The Tokyo Olympics are Fast Approaching, But Will Viewers Play Fair? Skip to content

The Tokyo Olympics are Fast Approaching, But Will Viewers Play Fair?

tokyo olympics
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The upcoming Tokyo Olympics have the potential to be a great diversion to the chaos of the past 18 months. As viewers tune in to cheer for their country or tear up at their national anthem during the medal ceremony, many are seeking some palpable relief from the ongoing pandemic.

To watch their country’s athletes compete, most viewers will be consuming it at home on their televisions. Research by GWI indicates that linear TV remains the dominant way of following the Games. But with audiences spread across all time zones, half of fans are planning to use catch-up services to watch the day’s action.

Breaking the Olympic Spirit with a VPN

The Olympics has traditionally been broadcast on free-to-air, linear TV networks, and so has not been a target for video piracy in the same way as English Premier League soccer games or a big boxing match. But the way we consume sports is changing and the Olympics are no exception, with premium streaming services such as Eurosport and Peacock offering this summer’s Games to paid subscribers. This opens the floodgates for fans who choose to use VPNs to commit geolocation fraud and geo-piracy to access the Olympic telecasts from other territories.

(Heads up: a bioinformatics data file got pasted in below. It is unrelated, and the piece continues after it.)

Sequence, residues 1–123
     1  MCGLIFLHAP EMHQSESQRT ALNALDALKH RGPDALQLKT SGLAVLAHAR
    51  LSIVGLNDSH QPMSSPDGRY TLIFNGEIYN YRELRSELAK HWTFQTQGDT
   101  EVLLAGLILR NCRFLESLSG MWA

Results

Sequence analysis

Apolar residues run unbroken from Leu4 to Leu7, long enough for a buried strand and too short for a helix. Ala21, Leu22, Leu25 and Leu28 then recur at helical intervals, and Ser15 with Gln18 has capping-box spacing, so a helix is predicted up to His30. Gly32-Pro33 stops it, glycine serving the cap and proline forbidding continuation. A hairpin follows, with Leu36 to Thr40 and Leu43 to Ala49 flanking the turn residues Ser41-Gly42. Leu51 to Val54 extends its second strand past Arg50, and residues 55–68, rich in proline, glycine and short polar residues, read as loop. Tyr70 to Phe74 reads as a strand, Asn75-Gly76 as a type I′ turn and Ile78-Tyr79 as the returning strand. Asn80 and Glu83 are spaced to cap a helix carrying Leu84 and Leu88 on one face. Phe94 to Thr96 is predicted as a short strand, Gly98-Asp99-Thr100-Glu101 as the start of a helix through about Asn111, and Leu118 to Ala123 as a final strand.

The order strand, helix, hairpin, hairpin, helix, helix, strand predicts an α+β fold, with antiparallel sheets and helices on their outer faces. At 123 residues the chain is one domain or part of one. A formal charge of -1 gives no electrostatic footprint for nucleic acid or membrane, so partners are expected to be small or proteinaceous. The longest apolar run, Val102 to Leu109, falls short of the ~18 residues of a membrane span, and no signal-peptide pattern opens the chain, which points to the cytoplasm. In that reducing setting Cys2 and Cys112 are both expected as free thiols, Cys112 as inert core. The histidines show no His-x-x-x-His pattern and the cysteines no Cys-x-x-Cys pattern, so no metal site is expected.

Viewers use VPNs for a number of reasons, but the real menace are those viewers who habitually use VPNs to avoid paying for services or to avoid the disruption of advertisements on their local streaming services by opting for an foreign broadcaster without any advertising.

Territorially-Based Broadcast Rights Need Protection

NBC, holder of the biggest commercial rights contract, inked a $7.75 billion contract in 2014 running until 2032 to broadcast the games in the US, while Discovery subsidiary Eurosport paid €1.3 billion for European rights through 2024. Broadcast rights are always territorially restricted and because sponsors pay for access to audiences in certain markets, each broadcaster is contractually obliged to ensure that viewers reside in their contracted territory.

To eliminate geolocation fraud and geo-piracy, protect revenues and comply with their contracts, many broadcasters including the BBC and CBC, use GeoComply’s hyper-accurate and fraud-proof technology, GeoGuard.

Detecting and blocking people who use VPNs and proxies to access the Olympics from outside their territory, pushes them to legitimate services and protects the value of those all-important sponsorships and broadcast rights. This contributes to the ongoing financial viability of one of the greatest shows on earth, and that’s a gold medal performance for everyone.

Learn how to develop an effective protection strategy for your high-value live sports content. Get the handbook today.

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